or interfere under field conditions. Due to its numerous hosts, B.
bassiana infects various insect species (Al-Deghairi, 2008), thus,
the fungus could potentially pose a threat to other beneficial insects
and non-target organisms. Combined use of B. bassaina and E.
mundus may be more efficient than being used separately resulting
in complete mortality of the pest.
Interaction among B. bassaina and E. mundus was positively
in favor of the insect pest control. Comparatively with the earlier studies,
most interactions between entomopathogenic fungi and the insect parasitoid
were asymmetrically in favor of the pathogen (Hochberg and Lawton, 1990).
Nevertheless, the relative timing of parasitism and fungal infection is
often crucial to the final competitive outcome.
In the current study, a higher percentage of emerged parasitoid adults
were recorded in post-releasing treatment meaning that the parasitized
host individuals were less susceptible to infection by the fungus than
unparasitized ones. This may be due to the changes in the host caused
by the parasitoid or its progeny after parasitism (Vinson and Iwantsch,
1980). This is generally defined as host regulation. Changes in parasitized
hosts may include morphological, biochemical and physiological or physical
activities within the nymphal stage, as well as, host cuticle melanization
(Fransen and Van Lenteren, 1993, 1994). Additionally, the researchers
correlated the changes in host susceptibility with the emergence of the
parasitoid larvae from the eggs inside the host as happen in Encarsia
formosa and Aschersonia alyerodis.
In general, Fransen and Van Lenteren (1993) shown the factors that may
influence the effective colonization of parasitized greenhouse whitefly
by E. formosa after treatment by A. alyerodis as follows:
increasing parasitized hosts survival in post-releasing trials can induce
a decrease in host susceptibility for infection, fungal penetration of
the parasitized larvae may be more difficult than unparasitized hosts
because of indirect changes in the host cuticle competition between unrelated
organisms may be present and after successful penetration of the parasitized
host, the fungus may be hampered due to the defense mechanisms. This latter
interpretation was in agreement with Vinson (1976) and Vinson and Iwantsch
(1980). The current study also shows that E. mundus females were
able to discriminate between infected nymphs by B. bassiana, that
have a mycelium growth and non-infected nymphs. This may explain the rejection
of the parasitoid adults to use the infected WF nymphs as a host.
Successful development of the parasitoid and increasing its efficiency
when combined with the fungal pathogen depends on the timing of fungal
spore applications to the hosts of the parasitoids. This may be useful
to determine whether the insect hosts were first infected by the pathogen
or were first parasitized by the parasitoid as in case of Verticillium
lecanii infecting Aphidius nigripes, a parasitoid of potato
aphid, Macrosiphum euphorbiae (Askary and Brodeur, 1999). Fransen
and Van Lenteren (1994) also reported that the infection rates of E.
Formosa, a greenhouse whitefly parasitoid, by A. aleyrodis
varied with the timing of spore application after parasitism. They found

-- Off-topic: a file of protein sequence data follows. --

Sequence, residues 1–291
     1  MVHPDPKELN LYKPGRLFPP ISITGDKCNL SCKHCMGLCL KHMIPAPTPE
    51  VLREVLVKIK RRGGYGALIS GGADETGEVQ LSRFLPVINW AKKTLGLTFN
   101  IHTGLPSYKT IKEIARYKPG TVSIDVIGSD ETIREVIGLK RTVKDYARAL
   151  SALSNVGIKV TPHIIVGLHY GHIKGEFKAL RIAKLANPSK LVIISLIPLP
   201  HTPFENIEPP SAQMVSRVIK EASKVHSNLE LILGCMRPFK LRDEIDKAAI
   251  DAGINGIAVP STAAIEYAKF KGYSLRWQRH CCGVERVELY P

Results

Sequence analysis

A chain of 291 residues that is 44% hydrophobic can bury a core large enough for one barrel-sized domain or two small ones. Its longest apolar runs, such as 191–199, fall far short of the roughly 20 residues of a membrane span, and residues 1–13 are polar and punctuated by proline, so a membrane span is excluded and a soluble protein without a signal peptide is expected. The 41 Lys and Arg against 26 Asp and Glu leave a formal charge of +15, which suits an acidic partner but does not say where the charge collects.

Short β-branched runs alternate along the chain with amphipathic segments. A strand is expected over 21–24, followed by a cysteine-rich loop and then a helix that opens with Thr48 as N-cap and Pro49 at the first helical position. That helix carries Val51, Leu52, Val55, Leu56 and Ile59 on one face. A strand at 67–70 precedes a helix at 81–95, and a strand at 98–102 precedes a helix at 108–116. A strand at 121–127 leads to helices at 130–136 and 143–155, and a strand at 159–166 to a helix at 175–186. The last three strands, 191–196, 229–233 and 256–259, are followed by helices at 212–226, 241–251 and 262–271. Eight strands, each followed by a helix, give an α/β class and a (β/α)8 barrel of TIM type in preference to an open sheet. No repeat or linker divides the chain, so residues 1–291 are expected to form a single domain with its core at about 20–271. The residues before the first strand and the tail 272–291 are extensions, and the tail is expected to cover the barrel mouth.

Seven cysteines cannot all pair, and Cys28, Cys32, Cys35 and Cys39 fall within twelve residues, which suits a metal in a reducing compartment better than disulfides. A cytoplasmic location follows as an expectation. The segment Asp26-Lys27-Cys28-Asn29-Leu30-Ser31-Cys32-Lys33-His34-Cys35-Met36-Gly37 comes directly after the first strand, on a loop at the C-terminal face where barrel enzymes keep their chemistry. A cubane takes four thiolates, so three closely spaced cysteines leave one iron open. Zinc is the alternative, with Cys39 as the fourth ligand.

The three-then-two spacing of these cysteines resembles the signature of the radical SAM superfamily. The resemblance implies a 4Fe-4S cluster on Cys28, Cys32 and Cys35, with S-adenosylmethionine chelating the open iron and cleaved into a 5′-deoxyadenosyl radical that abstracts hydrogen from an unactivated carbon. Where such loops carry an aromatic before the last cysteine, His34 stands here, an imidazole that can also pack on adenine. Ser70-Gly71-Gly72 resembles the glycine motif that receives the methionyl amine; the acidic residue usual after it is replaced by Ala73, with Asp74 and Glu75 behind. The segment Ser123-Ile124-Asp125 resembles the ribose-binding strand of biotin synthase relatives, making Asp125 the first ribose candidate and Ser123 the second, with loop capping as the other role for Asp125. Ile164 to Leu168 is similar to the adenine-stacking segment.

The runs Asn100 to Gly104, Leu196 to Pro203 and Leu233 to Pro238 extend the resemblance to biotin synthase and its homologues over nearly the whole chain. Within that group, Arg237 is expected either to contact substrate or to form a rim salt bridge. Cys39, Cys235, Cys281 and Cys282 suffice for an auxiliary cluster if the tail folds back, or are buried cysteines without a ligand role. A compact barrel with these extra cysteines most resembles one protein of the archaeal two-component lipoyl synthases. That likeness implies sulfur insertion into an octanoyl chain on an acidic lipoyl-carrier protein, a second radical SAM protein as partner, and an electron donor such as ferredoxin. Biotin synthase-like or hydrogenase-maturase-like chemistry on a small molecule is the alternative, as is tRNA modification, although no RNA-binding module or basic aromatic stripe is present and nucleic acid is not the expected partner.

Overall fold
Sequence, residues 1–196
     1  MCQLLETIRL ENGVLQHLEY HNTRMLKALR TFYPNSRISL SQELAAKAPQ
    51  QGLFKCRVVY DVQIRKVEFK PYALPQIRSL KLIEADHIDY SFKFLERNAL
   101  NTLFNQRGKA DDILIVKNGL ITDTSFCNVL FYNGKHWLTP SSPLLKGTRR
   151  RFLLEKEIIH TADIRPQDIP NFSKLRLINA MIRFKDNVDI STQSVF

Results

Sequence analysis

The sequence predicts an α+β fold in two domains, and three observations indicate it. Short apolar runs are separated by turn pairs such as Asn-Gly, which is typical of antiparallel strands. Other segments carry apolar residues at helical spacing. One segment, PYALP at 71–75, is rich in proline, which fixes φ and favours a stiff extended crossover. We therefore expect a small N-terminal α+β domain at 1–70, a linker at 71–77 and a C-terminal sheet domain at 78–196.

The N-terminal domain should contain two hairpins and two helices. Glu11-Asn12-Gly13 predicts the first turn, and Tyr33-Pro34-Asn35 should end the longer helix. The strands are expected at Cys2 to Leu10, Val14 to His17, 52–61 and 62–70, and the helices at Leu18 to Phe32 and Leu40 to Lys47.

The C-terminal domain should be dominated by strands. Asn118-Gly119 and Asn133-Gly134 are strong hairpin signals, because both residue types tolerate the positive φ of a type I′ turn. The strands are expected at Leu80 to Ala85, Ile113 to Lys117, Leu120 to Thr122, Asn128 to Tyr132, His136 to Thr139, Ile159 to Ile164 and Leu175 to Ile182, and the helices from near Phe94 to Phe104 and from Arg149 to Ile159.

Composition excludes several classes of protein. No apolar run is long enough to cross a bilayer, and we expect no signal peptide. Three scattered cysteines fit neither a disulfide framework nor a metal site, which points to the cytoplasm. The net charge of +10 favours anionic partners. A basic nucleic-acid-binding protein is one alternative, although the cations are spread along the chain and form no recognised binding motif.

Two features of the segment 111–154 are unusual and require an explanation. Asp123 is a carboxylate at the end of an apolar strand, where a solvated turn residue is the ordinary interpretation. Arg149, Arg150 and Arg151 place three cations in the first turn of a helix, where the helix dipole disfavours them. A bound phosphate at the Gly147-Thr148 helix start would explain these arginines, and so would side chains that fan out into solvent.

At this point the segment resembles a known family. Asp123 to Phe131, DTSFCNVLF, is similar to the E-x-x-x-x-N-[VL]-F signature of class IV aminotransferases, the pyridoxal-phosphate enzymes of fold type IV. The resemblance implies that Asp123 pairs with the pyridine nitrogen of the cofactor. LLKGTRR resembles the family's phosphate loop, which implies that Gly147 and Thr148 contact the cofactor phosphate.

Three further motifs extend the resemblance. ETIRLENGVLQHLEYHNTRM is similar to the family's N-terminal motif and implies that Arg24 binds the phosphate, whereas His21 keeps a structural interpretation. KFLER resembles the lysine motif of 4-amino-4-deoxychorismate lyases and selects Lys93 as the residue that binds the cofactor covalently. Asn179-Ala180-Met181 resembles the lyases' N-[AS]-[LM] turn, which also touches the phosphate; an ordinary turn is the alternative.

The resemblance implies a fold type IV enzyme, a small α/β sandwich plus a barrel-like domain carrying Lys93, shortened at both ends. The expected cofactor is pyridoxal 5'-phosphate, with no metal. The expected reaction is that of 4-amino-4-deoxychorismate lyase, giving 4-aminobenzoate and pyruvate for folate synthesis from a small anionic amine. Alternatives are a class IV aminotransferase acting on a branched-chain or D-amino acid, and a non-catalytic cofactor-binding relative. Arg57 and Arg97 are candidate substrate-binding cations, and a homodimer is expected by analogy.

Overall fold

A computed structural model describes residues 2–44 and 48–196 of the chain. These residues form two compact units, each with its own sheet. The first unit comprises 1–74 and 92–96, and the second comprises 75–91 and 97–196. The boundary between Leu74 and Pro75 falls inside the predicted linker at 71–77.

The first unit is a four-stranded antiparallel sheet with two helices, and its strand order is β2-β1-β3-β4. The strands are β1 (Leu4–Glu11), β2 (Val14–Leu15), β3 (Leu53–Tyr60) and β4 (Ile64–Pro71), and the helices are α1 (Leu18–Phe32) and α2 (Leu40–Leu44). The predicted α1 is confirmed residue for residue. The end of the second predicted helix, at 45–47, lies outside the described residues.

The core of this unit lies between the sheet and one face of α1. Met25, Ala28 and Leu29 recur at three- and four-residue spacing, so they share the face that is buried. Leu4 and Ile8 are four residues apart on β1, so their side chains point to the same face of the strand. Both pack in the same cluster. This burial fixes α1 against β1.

that when fungal spores were applied on parasitized whitefly nymphs one
to three days after oviposition, the parasitized nymphs were significantly
reduced as a result of cumulative infection by fungus and then by parasitism.
However, when fungal spores were applied 4-10 days after introducing parasitoids,
parasitism wasn`t reduced compared with the control. Finally, parasitization
at an early phase of fungal infection is, accordingly, detrimental to
the parasitoid progeny survival. In this study, E. mundus adults
were able to discriminate between infected and non-infected WF nymphs
at a later phase, gave the parasitoid the opportunity to successfully
parasitize healthy WF nymphs and thereby to cause host mortality complementary
to the fungal treatment. This complies with the results of Rosa et
al. (2000) who mentioned that the high virulence of Metarhizium
anisopliae and Beauveria bassaina to the bethylid parasitoid
Prorops nasuta, did not affect significantly the predatory or parasitic
capacity of P. nasuta.
Intra-guild predation is a dramatic expression on intervention among
natural enemies, which could lead to antagonism and reduced host mortality
and its dominance in the biological control agents (Polis and Holt, 1992;
Rosenheim et al., 1995). Generally, the earlier studies on the
interactions among entomopathogens and insect natural enemies consider
the pathogen as the intra-guild predator which may directly able to infect
the other natural enemies in the guild (Ehler, 2000).
In conclusion, E. mundus negatively affected the biological control
potentiality of this fungus (Table 1). The successful
augmentation of these natural enemies may be impeded by the antagonism,
however, careful management ensuring temporal separation of the interacting
natural enemies could result in effective biological control (King and
Bell, 1978). In addition, the use of an interaction among biological control
agents is required through understanding of the dynamic relationship between
pathogens, parasitoids and host insects. Moreover, the successful manipulation
of natural enemies in IPM program is dependent upon such an understanding.
Therefore, the present study indicates that the fungus B. bassaina
may be compatible with the action of the parasitoid or the predator under
field conditions, giving that pathogen applications and parasitoid or/and
predator releasing are timed not to coincide.
The researchers is very grateful to an anonymous reviewers for most valuable
comments improving the manuscript considerably.